ELON Musk faced one of his biggest tests yet today, and he passed with flying colours.

This morning SpaceX launched its monster rocket, the Falcon Heavy on a historical test flight. The rocket is the most powerful in operation today by a factor of two and is designed to one day take supplies to the Moon or even Mars. The last time we launched a rocket this powerful was for the Apollo missions.

Musk himself put the likelihood of success at 50/50, admitting there was every chance the rocket could instantly explode in to a ball of flames at takeoff.

"It is guaranteed to be exciting, one way or another," the 46-year-old space visionary and wealthy businessman told reporters on the eve of the launch.

"I would consider it a win if it just clears the pad and doesn't blow the pad to smithereens," he added.

But at 7:45am this morning AEST the rocket took off from its Florida launch pad to rousing applause from the thousands jammed on surrounding beaches, bridges and roads to watch the launch.

"The vehicle is now supersonic," said a voice over the radio broadcast.

About three minutes into flight the side boosters separated from the Falcon Heavy, marking a major moment for the successful flight and prompting more cheers from engineers on the ground.

Two of the boosters were recycled and programmed to return for a simultaneous touchdown in the launch site while the third, brand new, set its sights on an ocean platform some 480 kilometres offshore.

After reaching orbit, the rocket then returned and landed back on Earth completing a flawless and historical launch.

SpaceX commentator John Innsbrucker said it was "everything you could want in a test flight."

The SpaceX Falcon Heavy takes off from Pad 39A at the Kennedy Space Center in Florida, this morning. Picture: Jim Watson
The SpaceX Falcon Heavy takes off from Pad 39A at the Kennedy Space Center in Florida, this morning. Picture: Jim Watson

Elon Musk wants to help make humans an interplanetary species by colonising Mars and rockets like Falcon Heavy - which currently cost about $114 million per launch - are going to play a crucial part in that journey.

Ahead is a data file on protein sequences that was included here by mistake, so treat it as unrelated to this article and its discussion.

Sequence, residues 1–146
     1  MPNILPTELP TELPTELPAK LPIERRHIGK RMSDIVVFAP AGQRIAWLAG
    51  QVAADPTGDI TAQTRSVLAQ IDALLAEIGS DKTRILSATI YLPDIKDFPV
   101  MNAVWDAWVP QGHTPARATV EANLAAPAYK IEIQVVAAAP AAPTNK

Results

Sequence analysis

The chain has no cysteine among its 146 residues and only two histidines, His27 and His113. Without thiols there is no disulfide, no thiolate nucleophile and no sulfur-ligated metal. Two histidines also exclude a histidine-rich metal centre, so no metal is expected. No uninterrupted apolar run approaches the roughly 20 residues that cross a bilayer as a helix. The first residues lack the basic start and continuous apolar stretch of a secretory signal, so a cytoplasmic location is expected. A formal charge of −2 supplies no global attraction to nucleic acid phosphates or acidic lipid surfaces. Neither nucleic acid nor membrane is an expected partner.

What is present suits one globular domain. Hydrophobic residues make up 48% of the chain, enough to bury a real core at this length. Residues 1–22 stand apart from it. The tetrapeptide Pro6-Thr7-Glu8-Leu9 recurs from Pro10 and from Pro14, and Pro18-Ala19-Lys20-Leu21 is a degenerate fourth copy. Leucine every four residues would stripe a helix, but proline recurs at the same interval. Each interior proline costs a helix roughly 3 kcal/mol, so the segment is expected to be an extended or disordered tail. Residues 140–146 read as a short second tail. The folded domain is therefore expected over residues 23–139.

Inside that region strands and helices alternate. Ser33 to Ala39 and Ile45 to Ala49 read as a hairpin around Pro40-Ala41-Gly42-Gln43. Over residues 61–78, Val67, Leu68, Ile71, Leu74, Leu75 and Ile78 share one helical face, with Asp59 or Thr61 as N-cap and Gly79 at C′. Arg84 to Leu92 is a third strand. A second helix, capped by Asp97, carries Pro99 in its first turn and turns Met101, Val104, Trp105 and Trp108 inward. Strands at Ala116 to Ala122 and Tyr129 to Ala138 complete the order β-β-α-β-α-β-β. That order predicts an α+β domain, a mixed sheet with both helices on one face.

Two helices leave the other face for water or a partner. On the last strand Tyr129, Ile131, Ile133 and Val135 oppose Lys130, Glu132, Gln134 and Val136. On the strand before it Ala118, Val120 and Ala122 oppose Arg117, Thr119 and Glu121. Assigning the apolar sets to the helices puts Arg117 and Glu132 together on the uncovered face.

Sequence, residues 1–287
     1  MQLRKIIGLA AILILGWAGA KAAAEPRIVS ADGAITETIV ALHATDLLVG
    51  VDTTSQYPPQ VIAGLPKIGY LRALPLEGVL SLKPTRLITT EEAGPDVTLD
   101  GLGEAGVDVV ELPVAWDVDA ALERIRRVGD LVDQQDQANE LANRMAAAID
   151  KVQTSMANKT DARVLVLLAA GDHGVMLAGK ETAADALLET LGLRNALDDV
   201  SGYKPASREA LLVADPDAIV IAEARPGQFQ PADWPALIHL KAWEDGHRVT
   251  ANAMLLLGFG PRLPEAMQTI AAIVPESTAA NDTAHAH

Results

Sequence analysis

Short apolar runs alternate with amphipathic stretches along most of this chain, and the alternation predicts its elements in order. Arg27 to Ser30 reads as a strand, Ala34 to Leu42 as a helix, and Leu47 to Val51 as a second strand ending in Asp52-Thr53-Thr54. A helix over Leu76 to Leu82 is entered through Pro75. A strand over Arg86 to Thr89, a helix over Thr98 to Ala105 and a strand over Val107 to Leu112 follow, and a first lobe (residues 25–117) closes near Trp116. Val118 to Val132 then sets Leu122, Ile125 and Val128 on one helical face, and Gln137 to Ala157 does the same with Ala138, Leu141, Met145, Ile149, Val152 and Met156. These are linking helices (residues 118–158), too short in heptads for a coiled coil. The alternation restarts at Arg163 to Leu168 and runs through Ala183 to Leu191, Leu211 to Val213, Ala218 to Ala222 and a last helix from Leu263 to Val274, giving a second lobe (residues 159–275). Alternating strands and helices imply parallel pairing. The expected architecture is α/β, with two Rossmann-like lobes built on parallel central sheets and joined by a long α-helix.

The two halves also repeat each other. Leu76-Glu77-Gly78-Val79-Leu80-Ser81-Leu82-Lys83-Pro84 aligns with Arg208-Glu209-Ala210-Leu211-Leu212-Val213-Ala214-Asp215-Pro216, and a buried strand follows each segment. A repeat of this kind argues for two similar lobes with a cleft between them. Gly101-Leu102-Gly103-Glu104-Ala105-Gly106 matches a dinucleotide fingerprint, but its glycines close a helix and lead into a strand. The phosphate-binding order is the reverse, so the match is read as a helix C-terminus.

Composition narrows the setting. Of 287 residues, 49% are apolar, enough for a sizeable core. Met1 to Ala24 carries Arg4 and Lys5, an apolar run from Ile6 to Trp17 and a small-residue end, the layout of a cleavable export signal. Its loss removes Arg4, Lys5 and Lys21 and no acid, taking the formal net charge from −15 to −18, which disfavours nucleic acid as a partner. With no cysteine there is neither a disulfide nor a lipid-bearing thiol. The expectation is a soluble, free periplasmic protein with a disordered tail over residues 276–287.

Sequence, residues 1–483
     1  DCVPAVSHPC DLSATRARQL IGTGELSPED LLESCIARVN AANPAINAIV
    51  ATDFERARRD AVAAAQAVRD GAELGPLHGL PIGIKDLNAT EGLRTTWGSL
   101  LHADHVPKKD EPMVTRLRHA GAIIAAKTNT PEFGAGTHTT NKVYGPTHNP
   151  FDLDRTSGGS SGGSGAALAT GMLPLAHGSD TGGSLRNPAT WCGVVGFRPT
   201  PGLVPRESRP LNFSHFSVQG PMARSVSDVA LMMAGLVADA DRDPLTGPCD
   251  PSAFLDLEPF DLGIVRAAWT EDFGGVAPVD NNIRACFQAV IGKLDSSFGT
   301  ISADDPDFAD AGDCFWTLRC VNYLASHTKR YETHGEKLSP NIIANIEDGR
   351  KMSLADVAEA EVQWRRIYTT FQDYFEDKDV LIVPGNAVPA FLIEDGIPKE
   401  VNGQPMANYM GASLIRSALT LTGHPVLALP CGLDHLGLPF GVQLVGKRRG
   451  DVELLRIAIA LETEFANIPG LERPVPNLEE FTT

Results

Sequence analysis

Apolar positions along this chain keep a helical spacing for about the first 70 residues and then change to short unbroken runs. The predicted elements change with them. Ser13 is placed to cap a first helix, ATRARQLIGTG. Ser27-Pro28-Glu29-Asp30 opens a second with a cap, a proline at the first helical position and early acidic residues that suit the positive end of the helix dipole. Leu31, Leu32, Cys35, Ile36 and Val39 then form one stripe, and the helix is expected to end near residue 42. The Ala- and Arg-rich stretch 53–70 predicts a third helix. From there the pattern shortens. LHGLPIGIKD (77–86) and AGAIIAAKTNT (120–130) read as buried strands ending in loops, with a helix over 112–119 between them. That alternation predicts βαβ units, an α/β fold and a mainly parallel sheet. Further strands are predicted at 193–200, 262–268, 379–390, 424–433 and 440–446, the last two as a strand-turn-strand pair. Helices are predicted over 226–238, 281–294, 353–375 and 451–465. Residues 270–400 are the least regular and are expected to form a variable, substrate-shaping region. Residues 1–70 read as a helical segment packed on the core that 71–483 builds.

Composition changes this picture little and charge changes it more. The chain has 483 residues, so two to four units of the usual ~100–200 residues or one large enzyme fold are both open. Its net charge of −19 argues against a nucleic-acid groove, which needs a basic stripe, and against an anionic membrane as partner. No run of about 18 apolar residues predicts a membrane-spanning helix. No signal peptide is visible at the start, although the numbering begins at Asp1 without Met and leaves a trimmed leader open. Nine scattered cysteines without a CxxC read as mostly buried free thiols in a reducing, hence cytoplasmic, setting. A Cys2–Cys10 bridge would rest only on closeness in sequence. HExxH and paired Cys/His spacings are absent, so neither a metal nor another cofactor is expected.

As a tongue in cheek pay to illustrate the point (and to help mimic a certain payload), on board the Falcon Heavy this morning was Musk's very own Tesla roadster with a mannequin in Space X's custom made spacesuit behind the wheel.

This image from video provided by SpaceX shows the company's spacesuit in Elon Musk's red Tesla sports car which was launched into space during the first test flight of the Falcon Heavy rocket
This image from video provided by SpaceX shows the company's spacesuit in Elon Musk's red Tesla sports car which was launched into space during the first test flight of the Falcon Heavy rocket

After the successful flight, if the vehicle survives it is shooting for a solar orbit that will reach all the way to Mars.

SpaceX's webcast showed the Tesla roadster soaring into space, as David Bowie's Space Oddity played in the background

It's not everyday we get to watch a billionaire use a giant rocket to shoot his expensive electric car into orbit, but today was special.

From on board cameras, the words "DON'T PANIC" could be seen on the dashboard of the vehicle as it floated in space, an apparent nod to the science fiction series the Hitchhiker's Guide to the Galaxy.

 

 

 

Musk's’s Tesla car next to the fairing of a Falcon Heavy rocket in Cape Canaveral, Florida.
Musk's’s Tesla car next to the fairing of a Falcon Heavy rocket in Cape Canaveral, Florida.

The Falcon Heavy is essentially three smaller Falcon 9 rockets (which Space X has been vigorously testing over recent years) strapped together. As a result, the Falcon Heavy boasts a total of 27 engines.

The 70-metre tall rocket is designed to carry nearly 64 metric tonnes into orbit - more than the mass of a fully loaded 737 jetliner.

It was initially designed to restore the possibility of sending humans to the Moon or Mars, but those plans have shifted and now the Falcon Heavy is being considered mainly as a potential equipment carrier to these deep space destinations, Musk said this week.



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